Monthly Archives: March 2014

Book Review of The Sacred Science of Ancient Japan: Lost Chronicles of the Age of the Gods

Avery Morrow, The Sacred Science of Ancient Japan: Lost Chronicles of the Age of the Gods, 2014, 224 pp, Bear & Company.

Image

In this book, published in January 2014, Avery Morrow discusses four (of many) parahistorical documents: Sendai Kuji Hongi Taiseikyo, Hotsuma Tsutae, Takenouchi Documents, and the Katakamuna Documents. These are arguably the most important. He provides information not readily available in English. Ever since the eighth century, the only written records acknowledged by conventional historical researchers have been the Kojiki, Records of Old (712 CE) and the Nihon Shoki, Chronicles of Japan (720 CE). They have enjoyed 1300 years of official sanction in Japan and later in the West, and are together referred to as the Ki-Ki. The Kojiki has two English translations, those by Basil Chamberlain and by Donald Philippi. The Nihon Shoki translation by George Aston has no rival. Indeed, these three books have had no rival – until now.

Morrow entreats us to consider the four parahistories as offering valuable possibilities for prehistoric times. In so doing, we push back the horizon of prehistory to well before the start of the Common Era. Ancient people have long had writing and enjoyed a high level of culture, as advances in archaeology are now confirming.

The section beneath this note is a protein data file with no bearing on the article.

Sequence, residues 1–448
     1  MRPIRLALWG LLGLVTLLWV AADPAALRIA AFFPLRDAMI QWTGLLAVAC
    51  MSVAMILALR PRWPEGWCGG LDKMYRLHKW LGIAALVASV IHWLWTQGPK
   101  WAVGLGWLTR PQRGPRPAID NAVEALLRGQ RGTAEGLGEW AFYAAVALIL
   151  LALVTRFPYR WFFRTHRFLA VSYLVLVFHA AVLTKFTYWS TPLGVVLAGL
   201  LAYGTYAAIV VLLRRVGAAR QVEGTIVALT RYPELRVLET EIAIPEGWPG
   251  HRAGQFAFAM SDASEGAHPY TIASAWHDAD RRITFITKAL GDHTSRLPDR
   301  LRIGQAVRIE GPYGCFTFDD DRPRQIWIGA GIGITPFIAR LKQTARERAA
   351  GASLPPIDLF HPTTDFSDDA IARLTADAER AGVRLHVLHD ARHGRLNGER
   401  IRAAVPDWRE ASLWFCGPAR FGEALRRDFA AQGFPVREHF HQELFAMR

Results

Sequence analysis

The stories of the classical Ki-Ki are regarded by moderns as mere myths. What if they were legends of actual people and events? We would need to delve into the mythology to uncover and understand their real meanings. Myths are often historical, scientific information allegorically disguised as fantasy. There are subtle reasons for this.

Morrow has taken this challenging area of research and ably presented them in a well-organized, direct, manner. A chapter is devoted to each document and obviously serves only as an introduction. The reader must continue to search for further information, as yet only available in the original Japanese. Okunomichi presents in the pages of this blog site our translations of rare Japanese sources.

We encourage the reader to learn from this book and continue to extend the research and spread the findings. They will be joining Morrow, Andrew Driver, and Okunomichi in this quest. We commend Morrow for opening the way.

In our current period, hidden histories are emerging into the public eye. Even more important, hidden teachings are being unveiled. These teachings will guide us to a new era of higher spiritual development, a return to a Golden Age at a more advanced and integrated level.

Advertisements